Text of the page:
Artist Graham Ovenden in court over "lenient" sentence for child abuse
Renowned Cornish artist Graham Ovenden, who was allowed to walk free from court after he was found guilty of a string of sex offences against children, will next week hear whether his sentence was "unduly lenient".
The country's top law officer, Attorney General Dominic Grieve QC, says Ovenden's suspended sentence was nowhere near tough enough and is asking Appeal Court judges to lock him up.
The disgraced artist, of Barley Splatt, near Bodmin Moor, studied under the so-called “Godfather of Pop-Art” Sir Peter Blake, and has had work exhibited in galleries across the world.
However, a large number of prints by the artist were removed from the Tate Gallery's online collection following his conviction.
NEW IN : for those cold winter nights highland check dog and cat beds in stock, fleecy and washable ideal for those nights snuggling by the fire...... available in 3 colourways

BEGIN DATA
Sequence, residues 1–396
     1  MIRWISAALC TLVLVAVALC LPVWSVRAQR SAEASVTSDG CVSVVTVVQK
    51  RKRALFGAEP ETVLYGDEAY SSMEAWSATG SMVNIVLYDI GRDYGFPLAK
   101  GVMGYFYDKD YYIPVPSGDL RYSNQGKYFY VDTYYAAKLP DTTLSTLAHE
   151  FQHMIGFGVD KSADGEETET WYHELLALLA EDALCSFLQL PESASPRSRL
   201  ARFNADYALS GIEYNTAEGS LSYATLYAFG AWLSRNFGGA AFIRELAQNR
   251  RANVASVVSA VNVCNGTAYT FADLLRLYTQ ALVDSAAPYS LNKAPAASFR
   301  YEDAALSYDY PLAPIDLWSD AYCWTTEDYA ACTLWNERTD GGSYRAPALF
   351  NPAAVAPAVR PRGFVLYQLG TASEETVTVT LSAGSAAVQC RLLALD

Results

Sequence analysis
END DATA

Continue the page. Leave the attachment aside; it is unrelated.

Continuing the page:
Contact: 01271 440626
Valid until: Saturday, January 25 2014
Ovenden, 70, was convicted of six counts of indecency and one of indecent assault, at Truro Crown Court in April.
The offences dated back about 40 years and Judge Graham Cottle controversially gave him a 12-month jail term, suspended for two years.
The sentence sparked an outcry from child abuse campaigners, prompting the Attorney General to review the case.
Ovenden was described as "a paedophile" by prosecutors and had abused four children - now all adults - between 1972 and 1985 while they modelled for him.
He denied his crimes and forced his victims to re-live their traumatising experiences in the witness box.
In passing sentence, Judge Cottle said he had to consider Ovenden's age, health and the damage to his reputation as an artist which had been "severely tarnished".
However, three judges at London's Court of Appeal will next Wednesday (October 8) consider the Attorney General's arguments that the suspended sentence was 'unduly lenient' and that Ovenden should now be handed a substantial jail term.